Iced Tea – It’s What’s for Winter

Ti Kuan Yin, chilled (Photo source: stock image)
Ti Kuan Yin, chilled (Photo source: stock image)

It is the wrong half of the year to even be talking about iced tea. I get it. I’m wondering if my Esteemed Editor will even be able to read through another piece that addresses my slightly offbeat tea-related quirk. I won’t go over the basics of it again, since I already did that here, but suffice to say that I’ve totally forsaken hot tea in favor of the iced stuff. Yes, totally. I can’t even remember the last time I drank hot tea.

But it’s time to pause for a quick definition of terms. To be honest “iced tea” isn’t really even suited to this situation. It’s a term that, for me at least, conjures up visions of those tall glasses, full up with ice cubes and tea and then there are those long spoons and of course there’s (cringe) plenty of sugar and perhaps a slice of lemon.

Blah. For my purposes “iced” tea is really just tea that’s not served hot but is kept on ice. I actually find that it tastes best when I’ve let it warm up just a bit. But “cool tea” just doesn’t have quite the same ring to it.

In any event, I realize that this puts me way out of sync with the rest of the northern hemisphere, where the cold winds are now blowing and the snowflakes are doing what they do and so forth. I know that I should be huddled around the wood stove with a cup of hot chocolate or perhaps some warm cider or mulled spiced wine or perhaps even some (double cringe) coffee, but it ain’t gonna happen. My cool tea works just fine for me, thank you very much.

No, it doesn’t have anything to do with the fact that I live in the relatively balmy environs of southern Arizona. It’s winter here for us as well, although those of you from more brisk climes might not quite recognize it as such and might even scoff at calling it that. But the fact is that when you’ve spent a good chunk of the year acclimating to temperatures that are only a few degrees cooler than the surface of the sun, what some might call a balmy winter takes on a totally different perspective.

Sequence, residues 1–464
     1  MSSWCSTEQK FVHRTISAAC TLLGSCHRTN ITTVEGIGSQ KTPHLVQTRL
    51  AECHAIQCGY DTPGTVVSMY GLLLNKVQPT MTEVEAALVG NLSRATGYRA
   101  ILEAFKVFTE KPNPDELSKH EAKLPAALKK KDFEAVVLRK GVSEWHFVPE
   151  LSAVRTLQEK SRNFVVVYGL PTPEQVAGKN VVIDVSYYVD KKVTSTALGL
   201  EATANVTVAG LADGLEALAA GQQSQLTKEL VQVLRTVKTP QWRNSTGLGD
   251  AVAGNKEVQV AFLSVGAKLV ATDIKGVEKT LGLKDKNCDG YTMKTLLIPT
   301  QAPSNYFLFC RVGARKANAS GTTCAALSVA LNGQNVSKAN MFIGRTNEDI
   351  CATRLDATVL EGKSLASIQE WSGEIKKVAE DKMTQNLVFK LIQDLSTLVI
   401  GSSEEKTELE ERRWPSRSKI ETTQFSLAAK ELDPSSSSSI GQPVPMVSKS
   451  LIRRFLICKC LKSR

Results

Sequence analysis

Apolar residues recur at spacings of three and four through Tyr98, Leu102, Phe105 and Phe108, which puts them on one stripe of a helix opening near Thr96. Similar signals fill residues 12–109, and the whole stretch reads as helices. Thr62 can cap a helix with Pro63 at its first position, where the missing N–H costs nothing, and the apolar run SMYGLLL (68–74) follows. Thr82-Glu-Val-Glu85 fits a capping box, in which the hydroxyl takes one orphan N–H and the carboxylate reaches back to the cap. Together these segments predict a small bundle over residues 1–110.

In closing, I’d like to say that I’ll come to my senses at some point and start drinking hot tea again but I have to be honest. I don’t see it happening anytime soon. Sorry, Esteemed Editor.

[Note from the Esteemed Editor: Aaaaaaack!]

© Online Stores, Inc., and The English Tea Store Blog, 2009-2014. Unauthorized use and/or duplication of this material without express and written permission from this article’s author and/or the blog’s owner is strictly prohibited. Excerpts and links may be used, provided that full and clear credit is given to Online Stores, Inc., and The English Tea Store Blog with appropriate and specific direction to the original content.

3 thoughts on “Iced Tea – It’s What’s for Winter

  1. John Mihalko

    I live in Wisconsin and drink Iced Green Tea year round. I use loose tea and make 5 gallons at a time. I found the quicker you cool the tea the better it tastes so immediately after steeping I set my tea in metal containers outside (where it is well below freezing) until it cools to a temp around 40 degrees. I cannot tell you how wonderful it is to just open up the frig and pour myself a glass of delicious tea any time of the year!

  2. Sipping a glass of pure iced Ceylon Silver Tips as I read this from here in the Southlands. Yes, just as I also enjoy hot tea in the summer, many times I prefer iced tea in the so-called winter. 😉

  3. Nancy Carr

    I am with you in spirit as I sit here having a glass of iced tea. I currently live in Puerto Rico, however, I love iced tea no matter where I live and in the cold winters of the states. I just found this blog a few days ago. Love it! Happy Holidays!

Leave a Reply

Fill in your details below or click an icon to log in:

WordPress.com Logo

You are commenting using your WordPress.com account. Log Out /  Change )

Google photo

You are commenting using your Google account. Log Out /  Change )

Twitter picture

You are commenting using your Twitter account. Log Out /  Change )

Facebook photo

You are commenting using your Facebook account. Log Out /  Change )

Connecting to %s